The Garden with Seven Gates

The Garden with Seven Gates

The Garden with Seven Gates

The Garden with Seven Gates

Synopsis

This collection of fourteen stories and one minidrama features children protagonists, talking birds, and extraordinary occurrences. Like the tales of Charles Perrault and the brothers Grimm, they speak to fantasies and fears that are our constant companions in life, which means that although they are peopled with children protagonists, they are not for children alone. The introduction provides background on Concha Castroviejo and considers her production of juvenile literature in mid-twentieth-century Spain and in relation to authors like Elizabeth Mulder and María Luisa Gefaell; it then takes up themes in the book and discusses them.

About the author:

The Spanish author Concha Castroviejo (1910-1995) was born in the Galician city of Santiago de Compostela. After studies at the university there and in France, she fled to Mexico with her husband following the Spanish Civil War (1936-1939) and did not return to Spain until 1950. She published two novels (Those Who Went Away and Eve of Hate) two children's books, and short fiction, literary criticism, and journalism. Her writings received a number of literary prizes and her works have been translated into French, Slovak, and English.

About the translator:

Robert M. Fedorchek is a Professor of Modern Languages and Literatures at Fairfield University. He earned his Ph.D. at the University of Connecticut and studied at Yale and the Universities of Madrid and Lisbon. He is the translator of ten other Bucknell University Press publications.

Excerpt

Every reader of Charles Perrault and the Brothers Grimm knows that fairy tales are not for children alone, inasmuch as they speak to fantasies and fears that are our constant companions in life. the stories that make up The Garden with Seven Gates (El jardín de las siete puertas, 1961) by the Spanish author and journalist Concha Castroviejo (1910–95) will, I believe, be viewed in the same light— although peopled with children protagonists, they are not for children alone.

There are, to be sure, narratives that qualify as latter-day fairy tales. “The Weaver of Dreams” will strike a chord with every adolescent girl who has suffered ridicule, and recalls the torment of ridicule. There are morality tales, like “The Conceited Buzzard” and “A Mermaid and a Magistrate, 500 Neighbors, and a Singing Blackbird.” There are Iyrical pieces like “Martolán, Apprentice Magus,” cautionary tales like “The Little Girl and the Sea,” and enchanting pieces like “Karlantán and Prince Atal’s Pearls.” and there is one of the most evocative tales to be found in modern Spanish literature of the mutual love of a grandson and grandfather in “We Have the Stars.” in a word, the stories of The Garden with Seven Gates are a sensitive representation of the minds, joys, fears, and sorrows of children as depicted by a wise, insightful writer. the book is capped by the minidrama “The Garden with Seven Gates,” the title piece in dialogue, which shows that the richest of imaginations are truly unplanned journeys of the mind.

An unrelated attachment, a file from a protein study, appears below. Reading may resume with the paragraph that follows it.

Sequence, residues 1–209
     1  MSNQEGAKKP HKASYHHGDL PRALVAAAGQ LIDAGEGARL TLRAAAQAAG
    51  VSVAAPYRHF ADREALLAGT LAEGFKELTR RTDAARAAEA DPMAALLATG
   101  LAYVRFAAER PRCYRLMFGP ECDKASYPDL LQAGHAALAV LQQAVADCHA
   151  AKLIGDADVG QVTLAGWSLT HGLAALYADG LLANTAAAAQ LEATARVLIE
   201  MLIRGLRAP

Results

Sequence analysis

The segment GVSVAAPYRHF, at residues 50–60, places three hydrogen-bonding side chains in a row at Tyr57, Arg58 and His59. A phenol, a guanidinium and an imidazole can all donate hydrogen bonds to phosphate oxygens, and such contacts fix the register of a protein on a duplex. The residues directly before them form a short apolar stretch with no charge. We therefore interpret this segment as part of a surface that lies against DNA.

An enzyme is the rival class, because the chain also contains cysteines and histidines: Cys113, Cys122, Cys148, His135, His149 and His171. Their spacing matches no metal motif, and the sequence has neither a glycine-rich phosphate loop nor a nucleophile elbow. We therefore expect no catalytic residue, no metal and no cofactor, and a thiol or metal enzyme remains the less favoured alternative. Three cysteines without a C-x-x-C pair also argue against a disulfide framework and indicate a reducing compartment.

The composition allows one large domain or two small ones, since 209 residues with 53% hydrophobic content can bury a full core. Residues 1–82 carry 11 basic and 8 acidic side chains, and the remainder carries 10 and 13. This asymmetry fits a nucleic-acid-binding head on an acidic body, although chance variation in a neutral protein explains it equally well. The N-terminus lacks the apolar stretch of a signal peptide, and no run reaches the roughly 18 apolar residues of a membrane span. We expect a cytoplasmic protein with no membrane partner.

In addition to The Garden with Seven Gates, which received the Spanish publisher’s first Doncel Prize for Stories in 1961, Castroviejo wrote several other books for children: The Pirates (Los piratas, 1962), The Buzzard (El zopilote, 1962), and Lina’s Days (Los días de Lina, 1971). in long fiction she published two novels: Those Who Went Away (Los que se fueron, 1957), about Spanish Civil War expatriates—a widow and her son—who go first to Paris and afterwards to Mexico, where . . .

Search by... Author
Show... All Results Primary Sources Peer-reviewed

Oops!

An unknown error has occurred. Please click the button below to reload the page. If the problem persists, please try again in a little while.